Javascript Object-Orientation – My Summary

OO In Javascript

The way object-oriented in JavaScript works can be hard to understand. By providing several options on how to use the prototypal-based object style, it can brings confusion and unnecessary complexity.

Here is the summary of my reading on JavaScript OO, mainly from JavaScript: The Good Parts, by Douglas Crockford. In hopes that it can help someone.

Types

Pseudo-Classical

This was added to JavaScript in order to simulate the classical class-object paradigm; which can look alien, but is the most used.

Prototypal

Native JavaScript object-orientation. No concept of class, just objects that share information. This is how prototypal object-orientation is meant to be used.

Functional

Based on prototypal, but more powerful. It adds security by isolating scopes and makes methods and variables private.

Characteristics and Uses

Pseudo-Classical

  • Requires the ‘new’ declaration
  • Start with a capital letter
  • Uses prototype to define method
  • Classical inheritance is nearly impossible

e.g.

var Transportation = function (type){
    this.type = type;
};

Transportation.prototype.getType = function () {
    return this.type;
}

var myBicycle = new Transportation("bicycle");

var Car = function(engineSound) {
    this.engineSound = engineSound;
}

Car.prototype = new Transportation();
Car.prototype.startEngine = function() {
    console.log(this.engineSound);
}

var myShinyCar = new Car("Vroum!!!...Vroum!!!");
myShinyCar.startEngine();
console.log(myShinyCar.type); // we lost the parent type 😦

Prototypal

The native JavaScript object system; less complex, but more powerful

  • Uses {} to define a base object
  • No concept of class, but copy from another object
  • Inherit property of old object (also called differential inheritance)

e.g.

var transportationConstructor = {
    type : undefined,
    getType : function () {
        return this.type;
    }
};

var Transportation = function (type){
    this.type = type;
};

Transportation.prototype = transportationConstructor;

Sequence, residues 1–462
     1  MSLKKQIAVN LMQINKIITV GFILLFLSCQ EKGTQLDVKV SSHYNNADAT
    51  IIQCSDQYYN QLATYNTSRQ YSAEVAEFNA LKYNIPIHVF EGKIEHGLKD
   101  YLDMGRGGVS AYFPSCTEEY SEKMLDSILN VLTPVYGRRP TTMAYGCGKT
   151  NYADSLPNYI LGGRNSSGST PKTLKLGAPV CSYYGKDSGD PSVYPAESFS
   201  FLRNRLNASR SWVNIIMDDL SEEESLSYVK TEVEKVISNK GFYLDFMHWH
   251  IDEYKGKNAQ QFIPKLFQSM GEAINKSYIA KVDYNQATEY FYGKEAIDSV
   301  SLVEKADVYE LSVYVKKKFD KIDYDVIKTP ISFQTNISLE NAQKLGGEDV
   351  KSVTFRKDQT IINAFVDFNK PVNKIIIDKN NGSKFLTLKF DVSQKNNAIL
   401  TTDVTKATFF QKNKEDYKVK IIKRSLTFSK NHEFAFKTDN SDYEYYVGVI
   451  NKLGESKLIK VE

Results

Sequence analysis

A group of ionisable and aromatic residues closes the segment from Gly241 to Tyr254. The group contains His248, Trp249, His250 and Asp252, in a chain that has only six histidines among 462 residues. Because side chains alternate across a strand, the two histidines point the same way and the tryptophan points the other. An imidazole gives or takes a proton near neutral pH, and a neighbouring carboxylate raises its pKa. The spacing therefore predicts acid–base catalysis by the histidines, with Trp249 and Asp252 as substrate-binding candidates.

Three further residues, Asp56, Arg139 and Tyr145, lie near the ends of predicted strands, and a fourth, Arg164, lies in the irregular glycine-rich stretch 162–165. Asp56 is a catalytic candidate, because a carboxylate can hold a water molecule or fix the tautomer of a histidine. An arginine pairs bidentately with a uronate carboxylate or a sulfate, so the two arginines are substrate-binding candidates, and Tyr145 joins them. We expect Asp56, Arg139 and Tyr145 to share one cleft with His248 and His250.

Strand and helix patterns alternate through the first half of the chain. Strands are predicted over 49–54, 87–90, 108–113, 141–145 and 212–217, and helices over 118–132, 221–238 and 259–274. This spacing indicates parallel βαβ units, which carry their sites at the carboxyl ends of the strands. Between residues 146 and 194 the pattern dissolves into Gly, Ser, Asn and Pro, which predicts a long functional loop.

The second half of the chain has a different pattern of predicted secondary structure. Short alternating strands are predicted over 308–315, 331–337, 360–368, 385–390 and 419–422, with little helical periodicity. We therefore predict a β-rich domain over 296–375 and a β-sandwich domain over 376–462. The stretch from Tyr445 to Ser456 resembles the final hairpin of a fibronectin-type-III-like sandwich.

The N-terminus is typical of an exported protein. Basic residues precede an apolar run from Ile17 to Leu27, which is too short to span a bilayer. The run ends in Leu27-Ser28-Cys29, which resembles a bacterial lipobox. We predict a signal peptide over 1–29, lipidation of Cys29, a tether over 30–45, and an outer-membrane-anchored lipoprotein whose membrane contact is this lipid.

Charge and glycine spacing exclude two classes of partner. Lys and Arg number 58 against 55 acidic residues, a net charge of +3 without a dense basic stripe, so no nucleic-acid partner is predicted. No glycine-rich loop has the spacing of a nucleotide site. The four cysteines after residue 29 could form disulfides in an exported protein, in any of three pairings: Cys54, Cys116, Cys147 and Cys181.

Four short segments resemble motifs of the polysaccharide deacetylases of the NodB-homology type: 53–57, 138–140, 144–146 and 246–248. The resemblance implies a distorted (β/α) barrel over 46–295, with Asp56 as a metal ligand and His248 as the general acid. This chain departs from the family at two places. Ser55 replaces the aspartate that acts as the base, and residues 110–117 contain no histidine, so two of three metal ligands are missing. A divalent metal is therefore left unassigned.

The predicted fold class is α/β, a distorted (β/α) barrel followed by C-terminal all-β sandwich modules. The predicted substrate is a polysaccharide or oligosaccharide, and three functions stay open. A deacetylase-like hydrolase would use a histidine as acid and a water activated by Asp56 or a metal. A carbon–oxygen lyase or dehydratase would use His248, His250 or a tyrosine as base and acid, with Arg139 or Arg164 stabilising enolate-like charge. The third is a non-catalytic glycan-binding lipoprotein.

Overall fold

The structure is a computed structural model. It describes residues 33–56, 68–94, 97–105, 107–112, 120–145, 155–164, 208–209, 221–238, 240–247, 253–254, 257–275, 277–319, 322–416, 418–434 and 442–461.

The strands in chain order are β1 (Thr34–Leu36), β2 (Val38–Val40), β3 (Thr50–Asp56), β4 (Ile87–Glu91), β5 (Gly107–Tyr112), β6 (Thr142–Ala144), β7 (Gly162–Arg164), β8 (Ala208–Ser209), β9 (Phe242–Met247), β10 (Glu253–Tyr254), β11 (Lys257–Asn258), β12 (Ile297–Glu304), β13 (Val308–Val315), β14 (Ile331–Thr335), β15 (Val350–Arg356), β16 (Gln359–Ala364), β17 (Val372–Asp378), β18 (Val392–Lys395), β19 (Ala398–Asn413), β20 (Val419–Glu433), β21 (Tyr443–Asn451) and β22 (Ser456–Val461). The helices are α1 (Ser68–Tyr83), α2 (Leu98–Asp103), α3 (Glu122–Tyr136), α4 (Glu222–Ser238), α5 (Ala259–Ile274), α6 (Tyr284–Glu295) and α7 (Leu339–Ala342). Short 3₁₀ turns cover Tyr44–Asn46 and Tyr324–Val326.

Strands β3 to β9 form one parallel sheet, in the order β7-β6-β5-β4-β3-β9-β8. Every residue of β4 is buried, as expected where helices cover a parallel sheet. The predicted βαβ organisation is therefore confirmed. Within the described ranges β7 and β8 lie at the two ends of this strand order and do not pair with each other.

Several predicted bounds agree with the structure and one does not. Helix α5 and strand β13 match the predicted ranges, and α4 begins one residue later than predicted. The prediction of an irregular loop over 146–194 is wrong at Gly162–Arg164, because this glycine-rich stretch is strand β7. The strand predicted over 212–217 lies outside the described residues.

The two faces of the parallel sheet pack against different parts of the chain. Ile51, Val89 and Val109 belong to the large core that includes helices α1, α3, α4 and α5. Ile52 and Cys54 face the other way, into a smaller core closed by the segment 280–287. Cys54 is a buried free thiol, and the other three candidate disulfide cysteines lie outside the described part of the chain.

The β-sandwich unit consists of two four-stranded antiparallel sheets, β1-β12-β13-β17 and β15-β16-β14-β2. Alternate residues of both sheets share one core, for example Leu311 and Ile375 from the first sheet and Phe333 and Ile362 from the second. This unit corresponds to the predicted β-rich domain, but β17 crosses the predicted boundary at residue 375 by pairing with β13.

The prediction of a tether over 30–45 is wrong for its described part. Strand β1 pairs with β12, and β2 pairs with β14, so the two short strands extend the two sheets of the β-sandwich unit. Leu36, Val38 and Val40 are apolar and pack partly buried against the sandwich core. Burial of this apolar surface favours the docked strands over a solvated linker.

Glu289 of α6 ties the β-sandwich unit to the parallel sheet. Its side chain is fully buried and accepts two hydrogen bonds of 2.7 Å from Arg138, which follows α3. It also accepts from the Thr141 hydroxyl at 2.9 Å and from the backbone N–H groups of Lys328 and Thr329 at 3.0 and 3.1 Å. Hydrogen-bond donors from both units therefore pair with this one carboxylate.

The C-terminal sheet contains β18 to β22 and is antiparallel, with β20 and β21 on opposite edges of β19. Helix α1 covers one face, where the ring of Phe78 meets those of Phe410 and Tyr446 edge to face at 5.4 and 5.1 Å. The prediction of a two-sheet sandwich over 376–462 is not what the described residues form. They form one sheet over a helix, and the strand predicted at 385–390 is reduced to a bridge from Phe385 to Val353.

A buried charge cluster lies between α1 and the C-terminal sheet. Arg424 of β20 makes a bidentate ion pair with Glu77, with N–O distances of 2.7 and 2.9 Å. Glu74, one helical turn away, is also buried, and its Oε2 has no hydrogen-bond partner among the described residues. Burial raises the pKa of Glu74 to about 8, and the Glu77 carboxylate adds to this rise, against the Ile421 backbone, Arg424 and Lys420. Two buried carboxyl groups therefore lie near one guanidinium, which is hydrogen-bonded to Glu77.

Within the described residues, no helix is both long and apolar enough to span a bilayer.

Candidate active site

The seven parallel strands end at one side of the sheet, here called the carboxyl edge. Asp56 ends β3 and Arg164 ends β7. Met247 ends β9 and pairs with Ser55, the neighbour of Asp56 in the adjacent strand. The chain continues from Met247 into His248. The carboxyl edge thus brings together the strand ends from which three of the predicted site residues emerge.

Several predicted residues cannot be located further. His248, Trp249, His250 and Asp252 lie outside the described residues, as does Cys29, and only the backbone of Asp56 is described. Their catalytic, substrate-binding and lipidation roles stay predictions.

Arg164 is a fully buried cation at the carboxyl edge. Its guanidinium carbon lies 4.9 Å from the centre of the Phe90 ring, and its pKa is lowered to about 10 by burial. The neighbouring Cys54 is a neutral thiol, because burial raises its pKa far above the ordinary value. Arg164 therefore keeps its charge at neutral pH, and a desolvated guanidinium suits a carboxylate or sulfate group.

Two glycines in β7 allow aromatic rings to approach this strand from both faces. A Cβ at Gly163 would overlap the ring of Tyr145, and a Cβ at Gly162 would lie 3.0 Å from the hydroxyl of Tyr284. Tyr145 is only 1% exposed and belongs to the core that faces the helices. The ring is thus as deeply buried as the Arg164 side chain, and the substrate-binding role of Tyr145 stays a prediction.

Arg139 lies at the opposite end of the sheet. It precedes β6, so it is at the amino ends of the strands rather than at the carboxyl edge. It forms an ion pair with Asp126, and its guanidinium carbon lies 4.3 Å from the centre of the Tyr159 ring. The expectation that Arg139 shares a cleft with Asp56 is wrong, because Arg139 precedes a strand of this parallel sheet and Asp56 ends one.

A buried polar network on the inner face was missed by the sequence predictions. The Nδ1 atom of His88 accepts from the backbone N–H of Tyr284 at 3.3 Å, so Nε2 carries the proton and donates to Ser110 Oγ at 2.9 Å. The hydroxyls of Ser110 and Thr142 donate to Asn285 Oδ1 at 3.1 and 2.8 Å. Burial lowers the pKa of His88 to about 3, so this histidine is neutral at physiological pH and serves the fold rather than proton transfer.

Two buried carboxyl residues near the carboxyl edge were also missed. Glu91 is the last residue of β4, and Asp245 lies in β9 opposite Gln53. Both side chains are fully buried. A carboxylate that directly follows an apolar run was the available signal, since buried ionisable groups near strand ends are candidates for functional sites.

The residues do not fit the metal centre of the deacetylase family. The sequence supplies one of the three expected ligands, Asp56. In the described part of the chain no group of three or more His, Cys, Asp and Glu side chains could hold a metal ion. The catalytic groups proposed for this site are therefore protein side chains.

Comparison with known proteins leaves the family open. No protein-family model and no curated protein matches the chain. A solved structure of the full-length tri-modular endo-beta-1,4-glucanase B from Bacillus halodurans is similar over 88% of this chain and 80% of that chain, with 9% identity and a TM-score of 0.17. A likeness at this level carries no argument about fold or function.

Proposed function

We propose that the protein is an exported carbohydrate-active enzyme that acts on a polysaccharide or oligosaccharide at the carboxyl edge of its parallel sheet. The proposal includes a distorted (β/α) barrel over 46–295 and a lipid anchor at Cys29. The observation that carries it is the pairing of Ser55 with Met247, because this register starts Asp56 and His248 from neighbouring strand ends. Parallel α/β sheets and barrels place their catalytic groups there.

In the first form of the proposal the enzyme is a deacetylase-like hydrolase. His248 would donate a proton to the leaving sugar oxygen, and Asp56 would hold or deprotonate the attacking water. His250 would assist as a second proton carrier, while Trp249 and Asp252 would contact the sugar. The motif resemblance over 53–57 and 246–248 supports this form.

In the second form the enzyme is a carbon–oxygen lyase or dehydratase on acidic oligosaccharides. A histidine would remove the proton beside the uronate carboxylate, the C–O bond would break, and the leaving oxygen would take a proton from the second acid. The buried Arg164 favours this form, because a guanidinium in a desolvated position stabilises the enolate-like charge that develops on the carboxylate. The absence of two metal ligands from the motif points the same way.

var myBicycle = new Transportation("bicycle");

var car = {
    type : 'Car',
    engineSound : 'Vrout!',
    startEngine : function () {
        console.log(this.engineSound);
    }
}

var Car = function(engineSound) {
    this.engineSound = engineSound;
}

Car.prototype = car;
var myShinyCar = new Car("Vroum!!!...Vroum!!!");
myShinyCar.startEngine();

Functional

  • Make variables and methods private
  • Isolate the scope (same thing as module/closure)
  • Enables the creation of durable object (no uses of this or that)

This means, that an object can’t be compromised by an attacker, the internal state will remain unchanged, and any modification to this/that will maintain the scope, instead of losing sight of this/that.

e.g.

var transportation = function(spec) {
    var that;     // another private variable
    that = {}     // or new Object() for pseudo-classical or another function constructor
    var getType = function () {
        return spec.type
    };
    that.getType = getType;     // enables another method called as a regular function, preventing this/that state-change
    return that;
};

var myBicycle = transportation({ type : 'bicycle'});

var car = function (spec) {
    spec.type = 'Car';
    var that = transportation(spec);
    var startEngine = function () {
        console.log(spec.engineSound);
    };
    that.startEngine = startEngine;
    return that;
}

var myShinyCar = car({ engineSound : 'vroum!!! vroum!!!' });
myShinyCar.startEngine();

Recommended reading

JavaScript: The Good Parts, by Douglas Crockford

Wikipedia Prototype-based programming

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